Catering to their schedule: will the new 9 pm shop closure rule get Saudis to work in shops?
Saudis and expats have welcomed the move to close retail shops at 9 p.m., saying it would have a positive impact on social life and productivity.
The higher committee for regulating the working hours of retail shops has completed a draft law that will force all shops and sales outlets across the Kingdom to work anywhere between 6 a.m. and 9 p.m.
The new law will take effect before the end of this year, media reports said. A six-month grace period would be given before its final implementation.
The regulation will exclude the central region in Makkah and Madinah, as the issue will be left to the discretion of the municipal councils in the two holy cities.
Work hours during Ramadan will also be left to the discretion of the municipal councils in each region, but should not be later than 2 a.m., with the exception of restaurants, which will close by sunrise.
Work hours of sales outlets that require opening around the clock will be decided by a joint committee consisting of members from the Labor, Interior and Municipal and Rural Affairs Ministries, one report said.
Abdul Rahman Al-Rabeeah, a prominent businessman, told Arab News that these measures would not have any negative impact on businesses. “This law mainly targets small shops.”
Al-Rabeeah believes that the new regulation would not affect opening hours at shopping malls. He also said that the law would encourage more Saudis, especially women, to work in small shops. Mansour Al-Shathry, chairman of the board of trustees at the Riyadh Center for Small and Medium-Sized Enterprises, also supported the draft law, saying it would create a suitable work environment for Saudi men and women and encourage them to work in the sector, leading to the nationalization of such jobs.
He said the new measure comes following the Labor Ministry’s efforts to nationalize jobs at lingerie shops, as well as shops selling various items required by women and children. “The law will remove one of the major obstacles facing Saudis who want to invest in SMEs,” he said.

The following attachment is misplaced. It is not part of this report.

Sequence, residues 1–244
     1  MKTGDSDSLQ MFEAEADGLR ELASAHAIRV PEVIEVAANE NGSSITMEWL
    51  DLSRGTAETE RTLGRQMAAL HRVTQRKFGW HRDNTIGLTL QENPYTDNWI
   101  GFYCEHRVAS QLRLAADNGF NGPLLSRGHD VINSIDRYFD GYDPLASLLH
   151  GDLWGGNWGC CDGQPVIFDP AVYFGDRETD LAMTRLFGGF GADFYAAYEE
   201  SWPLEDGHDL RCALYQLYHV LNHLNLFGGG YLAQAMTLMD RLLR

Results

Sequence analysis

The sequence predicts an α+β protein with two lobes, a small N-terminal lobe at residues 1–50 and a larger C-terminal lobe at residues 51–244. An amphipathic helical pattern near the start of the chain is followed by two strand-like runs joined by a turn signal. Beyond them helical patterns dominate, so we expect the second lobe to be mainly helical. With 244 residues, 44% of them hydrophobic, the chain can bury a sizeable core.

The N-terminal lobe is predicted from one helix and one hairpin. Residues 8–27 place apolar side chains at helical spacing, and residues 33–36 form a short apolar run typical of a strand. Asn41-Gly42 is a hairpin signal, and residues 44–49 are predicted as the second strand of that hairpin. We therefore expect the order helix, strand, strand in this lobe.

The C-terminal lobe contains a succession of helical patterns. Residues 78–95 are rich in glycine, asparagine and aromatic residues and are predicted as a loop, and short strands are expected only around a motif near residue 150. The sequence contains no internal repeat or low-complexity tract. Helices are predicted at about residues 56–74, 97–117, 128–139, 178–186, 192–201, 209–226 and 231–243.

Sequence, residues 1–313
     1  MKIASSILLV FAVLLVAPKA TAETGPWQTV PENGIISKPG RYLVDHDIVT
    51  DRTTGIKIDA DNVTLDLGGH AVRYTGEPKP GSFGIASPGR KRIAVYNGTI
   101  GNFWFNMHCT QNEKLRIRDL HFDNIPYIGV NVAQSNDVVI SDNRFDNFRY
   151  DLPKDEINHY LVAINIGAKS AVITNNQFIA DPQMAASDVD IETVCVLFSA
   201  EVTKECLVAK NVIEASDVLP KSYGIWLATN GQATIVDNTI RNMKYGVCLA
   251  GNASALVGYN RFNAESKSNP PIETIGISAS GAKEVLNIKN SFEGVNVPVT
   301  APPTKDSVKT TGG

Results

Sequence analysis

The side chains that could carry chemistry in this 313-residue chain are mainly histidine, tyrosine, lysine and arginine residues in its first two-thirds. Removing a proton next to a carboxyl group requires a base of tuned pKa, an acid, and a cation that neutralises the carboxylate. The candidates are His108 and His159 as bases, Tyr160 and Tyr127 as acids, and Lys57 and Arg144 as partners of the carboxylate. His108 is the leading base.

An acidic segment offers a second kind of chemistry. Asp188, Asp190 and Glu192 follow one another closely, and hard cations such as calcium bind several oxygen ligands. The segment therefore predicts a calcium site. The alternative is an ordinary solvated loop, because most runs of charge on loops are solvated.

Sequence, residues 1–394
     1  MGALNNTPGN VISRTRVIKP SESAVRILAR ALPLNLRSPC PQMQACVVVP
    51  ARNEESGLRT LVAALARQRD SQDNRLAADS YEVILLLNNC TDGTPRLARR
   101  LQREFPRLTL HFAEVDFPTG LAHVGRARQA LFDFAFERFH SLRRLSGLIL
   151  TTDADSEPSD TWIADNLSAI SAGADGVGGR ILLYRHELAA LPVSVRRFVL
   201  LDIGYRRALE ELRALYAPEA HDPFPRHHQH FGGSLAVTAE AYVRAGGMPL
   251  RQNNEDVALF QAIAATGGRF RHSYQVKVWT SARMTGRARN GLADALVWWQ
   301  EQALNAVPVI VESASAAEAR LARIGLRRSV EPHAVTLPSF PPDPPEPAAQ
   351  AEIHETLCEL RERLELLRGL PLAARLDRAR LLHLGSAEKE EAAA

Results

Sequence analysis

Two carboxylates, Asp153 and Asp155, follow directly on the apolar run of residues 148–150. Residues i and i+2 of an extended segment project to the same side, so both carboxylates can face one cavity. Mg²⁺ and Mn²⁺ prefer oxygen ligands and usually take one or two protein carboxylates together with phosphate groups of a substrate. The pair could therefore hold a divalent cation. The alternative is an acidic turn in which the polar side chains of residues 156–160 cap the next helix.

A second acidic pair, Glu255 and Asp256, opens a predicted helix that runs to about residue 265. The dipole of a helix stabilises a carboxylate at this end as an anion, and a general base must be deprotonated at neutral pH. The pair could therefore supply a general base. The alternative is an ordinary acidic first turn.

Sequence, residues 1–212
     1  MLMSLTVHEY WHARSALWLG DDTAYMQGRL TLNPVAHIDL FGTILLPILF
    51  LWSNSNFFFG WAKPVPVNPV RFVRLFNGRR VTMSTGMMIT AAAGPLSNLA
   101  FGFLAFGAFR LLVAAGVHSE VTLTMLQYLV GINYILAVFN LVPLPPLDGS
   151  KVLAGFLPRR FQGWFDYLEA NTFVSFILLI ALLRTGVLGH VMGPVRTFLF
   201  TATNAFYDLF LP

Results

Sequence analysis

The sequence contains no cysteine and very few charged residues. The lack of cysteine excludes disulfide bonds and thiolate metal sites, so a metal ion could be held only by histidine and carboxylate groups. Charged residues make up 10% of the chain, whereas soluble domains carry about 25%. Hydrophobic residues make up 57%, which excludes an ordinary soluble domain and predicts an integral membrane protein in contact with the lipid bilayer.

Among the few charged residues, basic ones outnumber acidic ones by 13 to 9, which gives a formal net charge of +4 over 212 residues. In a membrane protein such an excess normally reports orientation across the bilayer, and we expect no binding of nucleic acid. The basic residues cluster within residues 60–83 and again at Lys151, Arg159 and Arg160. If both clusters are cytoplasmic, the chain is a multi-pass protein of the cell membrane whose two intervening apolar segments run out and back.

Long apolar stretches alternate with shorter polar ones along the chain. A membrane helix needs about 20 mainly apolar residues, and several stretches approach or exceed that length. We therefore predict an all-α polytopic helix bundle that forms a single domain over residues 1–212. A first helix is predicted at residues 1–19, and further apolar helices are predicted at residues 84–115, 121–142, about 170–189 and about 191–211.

Badr Almotawa, a Saudi political analyst, said the measure would have a big positive impact on Saudi society. “The present system of keeping shops open until late night has had a negative impact,” he told Arab News.
“Crime and road accidents have been on the increase and productivity at offices has been affected because people stay awake late at night.”
He said the move would also reduce electricity and petrol consumption. “People will also learn to make their purchases during the day instead of at night. It will also reduce assault rates on women.”
Almotawa wanted even the big shopping malls to be closed after 10 p.m. so that people would have enough time to rest and work with energy and enthusiasm the next day morning. “People need good sleep to maintain their health.”
Fuad Kawther, a Saudi engineer, also welcomed the move, saying it goes in line with the teachings of Islam and the Prophet Muhammad (peace be upon him). “The Prophet did not like talking after Isha prayer as he used to sleep soon after it,” he told Arab News. He said keeping shops open late is an excuse for youth to stay awake late at night wasting time and energy. “The body rejuvenates only at night,” he said.
“Late sleeping can hinder the repair process, which takes place between 11 p.m. and 4 a.m. The body itself repairs the daily damage caused to skin by stress, ultraviolet rays and other forms of unsafe exposure. We have seen that people who sleep early and get up early often come up with innovative ideas that are useful to humanity,” Kawther said. Abdul Latheef Nadukany, a planning manager at a reputable company in Jeddah, believes the new measures would change lifestyle habits. “It will also bring about a new shopping culture,” he said, adding that companies and traders would change their marketing plans according to the new law.
- Retail 'therapy' for weak economies? ME among world's top 10 luxury markets
- Private jets are more worthwhile? Why top ME airlines are scaling back on first class
- Things to watch for: what to consider when buying a new TV
- Where there is Dubai, there is spending: international buyers keep UAE's superyacht market afloat
- Muslims in America: $98 billion worth of disposable income